I am a big fan of 19th century and early 20th century artistic depictions of the American West. This naturally spills over to a particular fascination with works that portray Mount Shasta. My interest was heightened after doing research on an old painting of Mount Shasta that I acquired from my mother (read about that journey here and here). The best place to go for a collection of paintings, sketches and engravings of the Mount Shasta area is the fantastic book Sudden and Solitary by William Miesse. I have enjoyed this book for the last few years, after being inspired to purchase it when visiting the Turtle Bay museum’s exhibit on the art of Mount Shasta a few years ago. The display has since been closed but most of the works present at the exhibit are included in the book.
While there are many beautiful and historically interesting works depicting Mount Shasta, one of my absolute favorites is an engraving by Thomas Moran. He, along with Albert Bierstadt, is the preeminent 19th century painter of western landscapes. Moran and Bierstadt’s works were integral in inspiring public appreciation of the great beauty of the lands to the west and moved the public to support the preservation of these incredible places. Their paintings hang in many prestigious museums and are even located in the White House. Both artists have major peaks named after them as well. Mount Bierstadt in Colorado is one of that state’s elite 14ers. Mount Moran in Grand Teton National Park in Wyoming is among the most dramatic peaks in the storied range, second only to the Grand Teton itself. While both painters are well known as oil painters, Moran also worked with engravings. Specifically, the engravings were created as magazine illustrations. Moran would often make engravings of places he had not been based on sketches other people created. This is in stark contrast to his paintings, for which Moran personally joined expeditions into remote areas in order to document the landscape. In interpreting the sketches of other people, it is natural for things to become exaggerated or emphasis placed on the wrong feature on a mountain. This is the same practice that caused my painting of Mount Shasta to be almost unrecognizable.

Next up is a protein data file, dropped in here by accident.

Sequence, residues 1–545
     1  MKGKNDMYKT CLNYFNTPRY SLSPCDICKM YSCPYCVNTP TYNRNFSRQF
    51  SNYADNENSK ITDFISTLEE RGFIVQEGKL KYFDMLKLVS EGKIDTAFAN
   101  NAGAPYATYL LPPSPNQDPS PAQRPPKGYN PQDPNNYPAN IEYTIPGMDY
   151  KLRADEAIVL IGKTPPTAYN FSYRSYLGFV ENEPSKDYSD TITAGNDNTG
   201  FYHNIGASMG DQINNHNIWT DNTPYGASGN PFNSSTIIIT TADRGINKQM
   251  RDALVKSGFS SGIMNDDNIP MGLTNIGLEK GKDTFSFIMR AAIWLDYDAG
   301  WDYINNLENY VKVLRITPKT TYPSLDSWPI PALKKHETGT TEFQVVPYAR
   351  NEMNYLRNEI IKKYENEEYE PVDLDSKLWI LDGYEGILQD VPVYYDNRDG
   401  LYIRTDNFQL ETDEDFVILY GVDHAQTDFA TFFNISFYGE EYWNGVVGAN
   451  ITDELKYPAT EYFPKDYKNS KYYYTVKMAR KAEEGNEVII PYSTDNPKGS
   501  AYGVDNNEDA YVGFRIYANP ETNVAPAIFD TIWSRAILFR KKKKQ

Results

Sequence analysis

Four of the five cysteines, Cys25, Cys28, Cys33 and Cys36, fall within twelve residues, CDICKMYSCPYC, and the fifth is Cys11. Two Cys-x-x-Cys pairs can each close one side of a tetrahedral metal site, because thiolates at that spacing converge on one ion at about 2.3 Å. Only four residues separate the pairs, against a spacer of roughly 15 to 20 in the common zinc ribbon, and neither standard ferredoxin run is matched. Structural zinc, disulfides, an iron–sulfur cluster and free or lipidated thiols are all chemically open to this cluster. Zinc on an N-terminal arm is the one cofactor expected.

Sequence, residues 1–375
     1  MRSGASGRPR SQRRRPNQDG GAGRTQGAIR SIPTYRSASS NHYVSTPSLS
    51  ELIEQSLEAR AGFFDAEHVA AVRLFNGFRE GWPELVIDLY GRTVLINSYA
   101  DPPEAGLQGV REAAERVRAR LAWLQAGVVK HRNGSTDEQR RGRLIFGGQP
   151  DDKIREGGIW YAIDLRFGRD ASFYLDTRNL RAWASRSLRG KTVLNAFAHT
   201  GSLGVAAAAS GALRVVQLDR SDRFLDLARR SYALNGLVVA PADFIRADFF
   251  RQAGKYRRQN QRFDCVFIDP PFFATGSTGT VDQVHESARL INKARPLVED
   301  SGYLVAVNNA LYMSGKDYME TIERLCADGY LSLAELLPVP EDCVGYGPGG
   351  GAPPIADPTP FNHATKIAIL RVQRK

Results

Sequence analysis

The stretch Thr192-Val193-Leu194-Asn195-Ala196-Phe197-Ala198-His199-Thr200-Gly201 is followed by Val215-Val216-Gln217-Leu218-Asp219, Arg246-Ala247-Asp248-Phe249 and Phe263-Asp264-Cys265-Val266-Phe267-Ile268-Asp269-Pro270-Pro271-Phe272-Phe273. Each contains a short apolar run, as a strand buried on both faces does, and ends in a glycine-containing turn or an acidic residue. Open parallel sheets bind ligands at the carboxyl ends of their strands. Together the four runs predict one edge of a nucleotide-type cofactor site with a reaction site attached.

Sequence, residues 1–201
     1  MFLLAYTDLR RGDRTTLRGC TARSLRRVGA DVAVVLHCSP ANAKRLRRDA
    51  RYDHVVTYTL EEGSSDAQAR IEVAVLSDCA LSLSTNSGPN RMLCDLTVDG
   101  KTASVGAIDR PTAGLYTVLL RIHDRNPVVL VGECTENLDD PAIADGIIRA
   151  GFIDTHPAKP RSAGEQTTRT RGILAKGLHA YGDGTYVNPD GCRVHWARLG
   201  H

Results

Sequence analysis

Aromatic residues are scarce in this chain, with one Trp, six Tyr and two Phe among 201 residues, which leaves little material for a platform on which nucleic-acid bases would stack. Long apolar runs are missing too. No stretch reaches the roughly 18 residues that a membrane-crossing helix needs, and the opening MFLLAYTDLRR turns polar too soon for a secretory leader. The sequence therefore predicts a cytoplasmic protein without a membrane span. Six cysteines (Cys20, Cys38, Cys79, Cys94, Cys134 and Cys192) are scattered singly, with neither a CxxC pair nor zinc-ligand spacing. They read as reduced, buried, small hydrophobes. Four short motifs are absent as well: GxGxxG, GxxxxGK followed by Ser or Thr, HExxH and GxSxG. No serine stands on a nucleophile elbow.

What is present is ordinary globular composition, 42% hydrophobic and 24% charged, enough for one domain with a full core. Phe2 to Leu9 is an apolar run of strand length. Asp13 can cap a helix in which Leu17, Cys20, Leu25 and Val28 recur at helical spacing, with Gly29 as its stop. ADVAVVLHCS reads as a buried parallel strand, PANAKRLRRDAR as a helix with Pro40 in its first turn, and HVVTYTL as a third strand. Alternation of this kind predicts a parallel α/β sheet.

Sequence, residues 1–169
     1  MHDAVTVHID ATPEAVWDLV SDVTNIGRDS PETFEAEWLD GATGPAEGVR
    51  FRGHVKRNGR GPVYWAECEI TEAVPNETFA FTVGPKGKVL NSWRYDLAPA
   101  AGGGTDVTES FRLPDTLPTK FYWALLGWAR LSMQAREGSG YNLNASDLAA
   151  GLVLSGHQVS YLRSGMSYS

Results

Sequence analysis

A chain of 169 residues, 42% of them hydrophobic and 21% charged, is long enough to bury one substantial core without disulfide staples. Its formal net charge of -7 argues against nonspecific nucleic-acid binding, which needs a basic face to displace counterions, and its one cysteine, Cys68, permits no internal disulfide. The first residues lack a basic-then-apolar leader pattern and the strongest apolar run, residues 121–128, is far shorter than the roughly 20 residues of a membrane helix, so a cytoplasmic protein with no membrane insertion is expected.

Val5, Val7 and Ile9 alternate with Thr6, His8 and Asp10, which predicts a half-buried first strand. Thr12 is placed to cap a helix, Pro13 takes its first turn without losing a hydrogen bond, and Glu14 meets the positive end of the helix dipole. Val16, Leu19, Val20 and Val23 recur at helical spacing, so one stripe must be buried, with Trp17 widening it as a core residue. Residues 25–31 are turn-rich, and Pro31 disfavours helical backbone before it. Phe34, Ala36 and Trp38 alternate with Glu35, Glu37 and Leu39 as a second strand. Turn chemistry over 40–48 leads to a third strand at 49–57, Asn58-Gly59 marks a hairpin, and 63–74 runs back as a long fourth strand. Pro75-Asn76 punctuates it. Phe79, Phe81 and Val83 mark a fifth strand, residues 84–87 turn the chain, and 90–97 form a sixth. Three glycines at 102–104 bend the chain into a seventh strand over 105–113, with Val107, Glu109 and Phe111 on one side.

In the case of my favorite engraving by Moran, the scene being depicted is Mud Creek Canyon. It is not exaggerated so much that it is unrecognizable but it is certainly distorted enough that someone unfamiliar with Mount Shasta should be forgiven for not recognizing the great mountain. This is further obfuscated by the fact that the engraving is showing a fairly unappreciated perspective on the mountain (albeit an absolutely spectacular one and one of my personal favorites). While the scene is not proportioned correctly, it is amazing just how many landmarks are present:
Most early depictions of Mount Shasta portray the mountain from down below as the artist gazed up at its icy heights. An early work made on the mountain is certainly unusual (another similarity with my painting, which is also made from on Mount Shasta). Nonetheless, it is an epic and inspiring view. I hope that more folks will head up onto the Clear Creek Trail and climb up to the spectacular vista of Mount Shasta. This view of the great volcano is not famous or iconic but it is so grand, so magnificent, so packed with rugged grandeur, that it certainly deserves to be one of the iconic images of the American West.